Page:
APRA's inquiry into the Commonwealth Bank reinforces an urgent need for a banking Royal Commission, according to Labor and the Finance Sector Union of Australia.
If there are doubts about the need for a Royal Commission a year ago, there can be no doubts today, FSU national secretary Julia Angrisano said. She added APRA's inquiry will not go far enough and may not have the power to compel witnesses and subpoena documents.
The terms of reference aren't yet clear; they should be framed to examine the actions of CBA chief executive Ian Narev, his executive team and the board, she added.
Angrisano called on APRA to ensure the terms of reference are not framed in a way to allow the bank's management to escape responsibility by 'scapegoating' individual employees or groups of employees.
"We need to have a close look at all the banks because FSU members report concerns about culture and governance issues across the industry," she said.
Senator Katy Gallagher said while Labor welcomes APRA's independent inquiry, the serious allegations of corporate failings against CBA reinforces the need of a banking Royal Commission.
The past 18 months have seen more than $300 million in fines or compensation paid from across the banking and financial services sector, she said in a statement.
But not even the serious allegations of breaches of anti-money laundering and anti-terrorism funding laws by Australia's largest bank are enough to convince the Prime Minister Malcolm Turnbull to establish a Royal Commission, Gallagher added.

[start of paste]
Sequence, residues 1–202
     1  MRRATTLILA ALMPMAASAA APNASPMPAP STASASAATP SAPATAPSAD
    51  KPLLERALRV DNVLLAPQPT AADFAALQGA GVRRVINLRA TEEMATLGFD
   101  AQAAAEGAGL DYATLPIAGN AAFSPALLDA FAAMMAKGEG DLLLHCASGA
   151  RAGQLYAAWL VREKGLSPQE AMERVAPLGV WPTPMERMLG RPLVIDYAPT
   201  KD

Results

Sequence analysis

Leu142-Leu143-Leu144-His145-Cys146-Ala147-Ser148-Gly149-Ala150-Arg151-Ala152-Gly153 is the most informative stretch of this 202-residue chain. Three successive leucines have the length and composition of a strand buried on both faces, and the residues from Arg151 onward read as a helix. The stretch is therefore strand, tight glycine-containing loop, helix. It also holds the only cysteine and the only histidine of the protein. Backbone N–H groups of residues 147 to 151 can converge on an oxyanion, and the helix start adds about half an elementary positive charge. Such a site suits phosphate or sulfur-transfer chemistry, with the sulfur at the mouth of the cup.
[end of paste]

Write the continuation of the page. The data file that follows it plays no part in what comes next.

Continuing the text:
Credit rating agency Moody's announced APRA's concerns over the culture and practices at CBA are a "credit negative for the bank." CBA currently holds a high-quality rating of Aa2 with relatively low credit risk.
"In addition to potential fines imposed domestically, CBA is also potentially exposed to further action from offshore regulatory bodies, given that a number of these suspicious transactions involved a transfer of funds to overseas accounts," a Moody's report said.
Operational and compliance problems of this nature highlight the challenges of maintaining tight controls at large and complex institutions, Moody's added.
The entrenched profitability of Australia's major banks' domestic franchises and the low credit costs due to an extended period of unusually low interest rates elevate the risks of complacency in the way banks approach operational and governance risks.